Jeffro's Space Gaming Blog

Microgames, Monster Games, and Role Playing Games

Appendix N and Picaresque

While it’s true I’ve caught my share of unreasonable flak over the course of the year, my ridiculous pseudonym is now so associated with the topic of Appendix N that I’m starting to get credit for writing and research that I didn’t actually do.

Now… to some extent I actually did plan for this. In all of my Appendix N posts I have been careful to credit the many game blogs that did the work that made my series possible in the first place. I fully expected that in bringing these discoveries to an audience outside of the dedicated game blogging scene that this sort of thing could happen. But I while I have uncovered a few things that really are original discoveries and commented on some things that nobody else seems to have wanted to touch, I really don’t want to take credit for someone else’s work.

Now the one guy that has written the most extensively on the topic of Appendix N as a “thing” before me is James Maliszewski. His game blog Grognardia is, even after years of going without new posts, still pretty much the definitive game blog. His megadungeon project Dwimmermount is a big deal for tabletop gamers and is as far as I know the most Appendix N infused adventure product in existence.

Because of that, I am especially keen on clearing up the following minor but significant attribution error. John C. Wright in his post The Canon Gap credits me for bring up the idea of picaresque and its relationship to Appenix N. But it was James Maliszewski that broke that story back in 2008 with Picaro and the “Story” of D&D. I think this mixup might have occurred because both Maliszewski and myself are quoted in an excellent post over at Tales to Astound. (I don’t think that’s happened before now that I mention it…!) But let me make it clear: I don’t know anything about “Picaresque” that I didn’t read at Grognardia!

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7 responses to “Appendix N and Picaresque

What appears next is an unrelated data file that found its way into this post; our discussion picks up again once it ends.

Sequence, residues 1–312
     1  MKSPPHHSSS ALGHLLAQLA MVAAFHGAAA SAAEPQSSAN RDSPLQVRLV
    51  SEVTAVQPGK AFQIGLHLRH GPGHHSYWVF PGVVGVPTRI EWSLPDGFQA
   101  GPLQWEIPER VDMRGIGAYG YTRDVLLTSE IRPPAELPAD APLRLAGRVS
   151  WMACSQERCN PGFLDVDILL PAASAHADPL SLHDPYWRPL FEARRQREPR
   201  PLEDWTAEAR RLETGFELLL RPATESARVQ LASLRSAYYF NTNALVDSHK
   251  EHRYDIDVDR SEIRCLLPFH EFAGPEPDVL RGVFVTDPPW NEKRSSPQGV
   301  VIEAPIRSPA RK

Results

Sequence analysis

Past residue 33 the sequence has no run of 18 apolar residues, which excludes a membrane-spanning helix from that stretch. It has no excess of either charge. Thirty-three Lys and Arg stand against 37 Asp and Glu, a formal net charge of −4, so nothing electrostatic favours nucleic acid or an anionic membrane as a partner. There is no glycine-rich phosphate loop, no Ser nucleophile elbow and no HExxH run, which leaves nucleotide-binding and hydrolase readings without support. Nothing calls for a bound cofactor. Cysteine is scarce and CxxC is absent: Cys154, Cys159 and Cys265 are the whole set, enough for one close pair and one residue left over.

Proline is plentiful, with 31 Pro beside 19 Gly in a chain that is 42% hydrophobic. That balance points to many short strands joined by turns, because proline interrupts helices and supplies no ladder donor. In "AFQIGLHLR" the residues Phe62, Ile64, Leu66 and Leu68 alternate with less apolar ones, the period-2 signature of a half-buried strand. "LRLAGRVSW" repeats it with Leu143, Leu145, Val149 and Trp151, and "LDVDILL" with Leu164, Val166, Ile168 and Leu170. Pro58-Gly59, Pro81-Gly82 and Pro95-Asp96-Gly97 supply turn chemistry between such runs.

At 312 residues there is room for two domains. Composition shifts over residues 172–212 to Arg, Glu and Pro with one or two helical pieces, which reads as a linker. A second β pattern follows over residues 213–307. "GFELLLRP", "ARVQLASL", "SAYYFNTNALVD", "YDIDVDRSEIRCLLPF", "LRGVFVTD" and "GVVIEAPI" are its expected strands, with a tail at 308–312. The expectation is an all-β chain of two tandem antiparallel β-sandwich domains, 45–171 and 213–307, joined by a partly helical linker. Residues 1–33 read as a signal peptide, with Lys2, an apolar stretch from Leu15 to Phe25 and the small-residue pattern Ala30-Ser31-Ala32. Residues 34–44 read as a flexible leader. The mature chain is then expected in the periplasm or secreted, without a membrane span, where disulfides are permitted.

1. Gaiseric December 21, 2015 at 11:55 am

    That Tales to Astound link is broken.

  2. Christopher R. DiNote December 31, 2015 at 4:16 pm

    Jeffro, side question here. Have you ever thought about looking at music that may share literary or popular culture links to the Appendix N series? I don’t think there is too much in the way of deliberate connection, other than in the ’70s several hard rock bands went nuts for the New Wave of SFF, especially Michael Moorcock (see Deep Purple and Blue Oyster Cult), but the other day in the car, Black Sabbath’s “Electric Funeral” came on, and listening to the lyrics, it seemed to capture the whole gist of post-apocalyptic science fantasy that Gygax and co would have immediately recognized. It absolutely made me think of Fred Saberhagen’s “Changeling Earth” especially. Sabbath deserves mention because Geezer Butler has made no mystery of his writing inspirations coming directly from science fiction TV and movies, but I can’t recall if he’s ever made any ties to pulp magazines or novels.

    • jeffro December 31, 2015 at 4:24 pm

      I think that stuff is a big deal, though I think Ron Edwards and Cirsova are probably hip to way more about it. The video clips of guys dressed up like Elric on stage are pretty wild. I love looking up the popular songs that are referenced in the stuff from right at the turn of the century. (Moon Pool has a good song reference from then.) I have an outline for a post on “Appendix N and Jazz”. And the futuristic dance music Fredric Brown wrote about was pretty striking to me. But yeah, New Wave, D&D, and seventies music are all part of the same zeitgeist. It’s wild.

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  4. ashley858 June 3, 2016 at 8:30 am

    Back when I first played D&D (the original before it became OD&D) the tradition we (as in the GM) played was that of the wargame, and hence everyone was a person who would use force/skullduggery to achiever their aims, because that’s what wargames are: simulations of conflict. So for me the picaresque makes sense and even back then, before Traveller and Call of Cthulhu, D&D lacked the epic because its roots were as a wargame rather than an adventure story per se.

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